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The General Data Protection Regulations (GDPR) Essentials
The GDPR applied in the UK since 25 May 2018 replacing all previous data protection directive.
The GDPR affects any business that have day-to-day responsibility collects, processes, stores, and uses personal data from people residing in the UK, and to controllers and processors based outside the UK if their processing activities relate to:
- Offering goods or services to individuals in the UK
- Monitoring the behavior of individuals taking place in the UK
1st January 2021 the UK formally left the European Union (EU) and became known as a third country. This led to the creation of EU-GDPR and the Data Protection Act (2018) UK-GDPR The UK-GDPR is identical to the EU-GDPR but is an independent UK legislation governed and enforced by the UK data protection agency Information Commissioner’s Office (ICO) and does not influence EU authorities.
All UK businesses must be 100% compliant with UK-GDPR or face substantial fines for non-compliance.
Why the need for GDPR?
People have the right to know and have some control over what personal information a business collects, uses, and shares about them.
With major advancement in technology, easier access to the internet via mobile devices, online shopping and the increased use of social media, Google, Facebook, and LinkedIn etc. has resulted in the enormous increase of consumer personal data being captured, used, shared, and stored by businesses.
What is Personal Data?
As defined in the GDPR Personal Data is a legal term, for “any information relating to an identified or identifiable natural person ‘Data Subject’.
An identifiable person is anyone that can be identified, directly or indirectly, such as:
- An identification number i.e. National Insurance Number.
- One or more factors to their physical, physiological, mental, economic, cultural, or social identity.
Linked / linkable personal data, including:
- Email address
- Personal identification number i.e. Passport number
Sensitive data, or special category data, is any data that reveals a subject’s information.
Sensitive/Special category personal data includes:
- Racial or ethnic origin
- Political beliefs
- Religious beliefs
- Sexual orientation
You need a lawful basis in order to process special category data, include:
- If the individual (data subject) has given their explicit consent, or made the data public
- Processing is necessary for the organisation to meet obligations in terms of employment, social security, or social protections as is authorised by UK law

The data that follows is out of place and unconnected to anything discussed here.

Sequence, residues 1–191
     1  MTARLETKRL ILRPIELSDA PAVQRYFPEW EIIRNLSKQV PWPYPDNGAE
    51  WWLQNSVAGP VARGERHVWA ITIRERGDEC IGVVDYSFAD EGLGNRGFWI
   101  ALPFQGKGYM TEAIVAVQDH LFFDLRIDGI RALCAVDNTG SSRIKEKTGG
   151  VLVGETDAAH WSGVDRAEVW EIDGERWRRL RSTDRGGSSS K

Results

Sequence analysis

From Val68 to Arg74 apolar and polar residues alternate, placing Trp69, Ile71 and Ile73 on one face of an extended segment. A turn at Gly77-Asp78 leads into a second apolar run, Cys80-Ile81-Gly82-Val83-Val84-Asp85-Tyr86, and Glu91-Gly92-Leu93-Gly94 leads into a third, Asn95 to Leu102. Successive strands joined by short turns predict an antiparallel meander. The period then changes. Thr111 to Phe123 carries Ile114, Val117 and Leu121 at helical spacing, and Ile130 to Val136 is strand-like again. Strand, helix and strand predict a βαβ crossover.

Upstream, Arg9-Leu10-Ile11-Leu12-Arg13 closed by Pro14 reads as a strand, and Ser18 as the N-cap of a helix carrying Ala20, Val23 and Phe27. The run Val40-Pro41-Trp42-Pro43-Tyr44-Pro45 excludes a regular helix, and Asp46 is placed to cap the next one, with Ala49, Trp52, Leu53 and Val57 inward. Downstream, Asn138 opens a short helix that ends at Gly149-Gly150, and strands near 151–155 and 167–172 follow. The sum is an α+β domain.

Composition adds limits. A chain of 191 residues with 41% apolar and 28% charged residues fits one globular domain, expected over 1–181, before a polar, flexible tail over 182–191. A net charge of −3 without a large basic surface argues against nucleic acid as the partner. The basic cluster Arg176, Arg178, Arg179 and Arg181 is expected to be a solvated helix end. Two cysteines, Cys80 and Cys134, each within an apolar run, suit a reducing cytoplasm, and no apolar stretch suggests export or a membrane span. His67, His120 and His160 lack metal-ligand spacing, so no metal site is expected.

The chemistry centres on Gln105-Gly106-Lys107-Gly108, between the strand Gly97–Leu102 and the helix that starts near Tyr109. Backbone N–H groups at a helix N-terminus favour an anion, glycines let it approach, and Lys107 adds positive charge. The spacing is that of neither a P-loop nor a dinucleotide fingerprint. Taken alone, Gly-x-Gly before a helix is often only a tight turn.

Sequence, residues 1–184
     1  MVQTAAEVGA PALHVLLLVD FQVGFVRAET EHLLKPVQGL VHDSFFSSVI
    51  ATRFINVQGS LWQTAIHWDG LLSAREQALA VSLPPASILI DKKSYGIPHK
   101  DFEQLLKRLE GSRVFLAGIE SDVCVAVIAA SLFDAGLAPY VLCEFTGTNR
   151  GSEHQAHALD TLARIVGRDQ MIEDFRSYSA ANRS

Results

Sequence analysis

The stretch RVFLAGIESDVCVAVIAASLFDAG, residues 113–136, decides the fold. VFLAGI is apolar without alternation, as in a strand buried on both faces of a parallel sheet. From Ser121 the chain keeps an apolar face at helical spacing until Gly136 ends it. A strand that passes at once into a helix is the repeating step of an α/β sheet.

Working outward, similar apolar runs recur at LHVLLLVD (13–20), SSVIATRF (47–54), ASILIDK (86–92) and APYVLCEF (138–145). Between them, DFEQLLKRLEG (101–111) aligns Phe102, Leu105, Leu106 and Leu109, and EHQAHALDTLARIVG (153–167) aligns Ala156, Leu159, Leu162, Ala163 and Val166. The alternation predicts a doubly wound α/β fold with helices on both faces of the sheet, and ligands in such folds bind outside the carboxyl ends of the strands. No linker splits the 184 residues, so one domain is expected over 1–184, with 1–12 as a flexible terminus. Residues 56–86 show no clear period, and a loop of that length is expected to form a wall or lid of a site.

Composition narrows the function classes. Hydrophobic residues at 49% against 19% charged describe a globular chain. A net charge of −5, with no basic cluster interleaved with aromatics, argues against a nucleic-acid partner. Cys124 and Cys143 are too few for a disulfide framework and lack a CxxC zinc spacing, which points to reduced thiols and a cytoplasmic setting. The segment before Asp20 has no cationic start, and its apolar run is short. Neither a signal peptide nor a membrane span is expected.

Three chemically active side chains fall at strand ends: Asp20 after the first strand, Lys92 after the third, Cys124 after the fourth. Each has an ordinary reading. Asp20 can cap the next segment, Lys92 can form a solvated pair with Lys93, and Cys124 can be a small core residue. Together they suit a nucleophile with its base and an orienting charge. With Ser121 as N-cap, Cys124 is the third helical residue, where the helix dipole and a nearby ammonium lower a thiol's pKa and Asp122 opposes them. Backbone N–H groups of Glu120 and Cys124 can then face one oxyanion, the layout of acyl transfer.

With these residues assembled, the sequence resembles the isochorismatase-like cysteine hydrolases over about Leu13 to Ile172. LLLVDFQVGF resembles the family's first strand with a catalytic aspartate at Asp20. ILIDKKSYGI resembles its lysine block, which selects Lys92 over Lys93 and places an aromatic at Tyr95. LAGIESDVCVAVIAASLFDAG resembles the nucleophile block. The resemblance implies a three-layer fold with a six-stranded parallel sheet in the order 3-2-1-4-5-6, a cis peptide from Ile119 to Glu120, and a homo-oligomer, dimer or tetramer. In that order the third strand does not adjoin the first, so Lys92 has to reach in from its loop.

- Processing is being carried out in pursuance of legitimate activities (by a law) by a foundation or not-for-profit organisation
- Protecting data subject interests when the subject is unable or incapable of providing consent
- Substantial public health concerns
Non-Sensitive personal data includes:
- Date and place of birth
- Post code
GDPR Breaches and Fines
A personal data breach occurs when an individual’s personal data is compromised through an incident that impacts the security of that data.
This incident could be accidental or deliberate and unlawful, leading to the destruction, loss, alteration, unauthorised disclosure, or unauthorised access of the individual’s personal information.
Personal Data Breaches include:
- Access to an individual’s personal data by an unauthorised person(s)
- Deliberate or accidental action or in-action by a Data Controller or a Data Processor
- Sending personal data to an unintentional or incorrect recipient.
- Personal data being lost or stolen on a computing device such as a laptop or memory stick
- Altering personal data without permission.
- Availability of personal data
You must report a notifiable data breach to the ICO without unnecessary delay, and not later than 72 hours after becoming aware of it.
Reporting a data breach to ICO
Failing to comply with GDPR businesses face prosecution action by the ICO, who can issue penalties for a data breach including:
- Warnings and reprimands
- Compliance orders
- Bans on processing or data transfers, temporary or permanent
- Administrative fines
Businesses may be subject to:
- Private claims for compensation for damages suffered from individuals or consumer protection or legal bodies on behalf of individuals
- Damage to business reputation
- Loss of consumer trust
- Loss of customers, sales and revenue
- Loss of intellectual property if hackers manage to steal designs, strategies, and proposals
- Hidden costs such as legal fees, breach investigation experts, legal fees and hike in business insurance premiums
P4P can help businesses across a wide range of regulated industries develop effective strategies, connect with the right tools, provide support and guidance to ensure compliance with regulatory laws.
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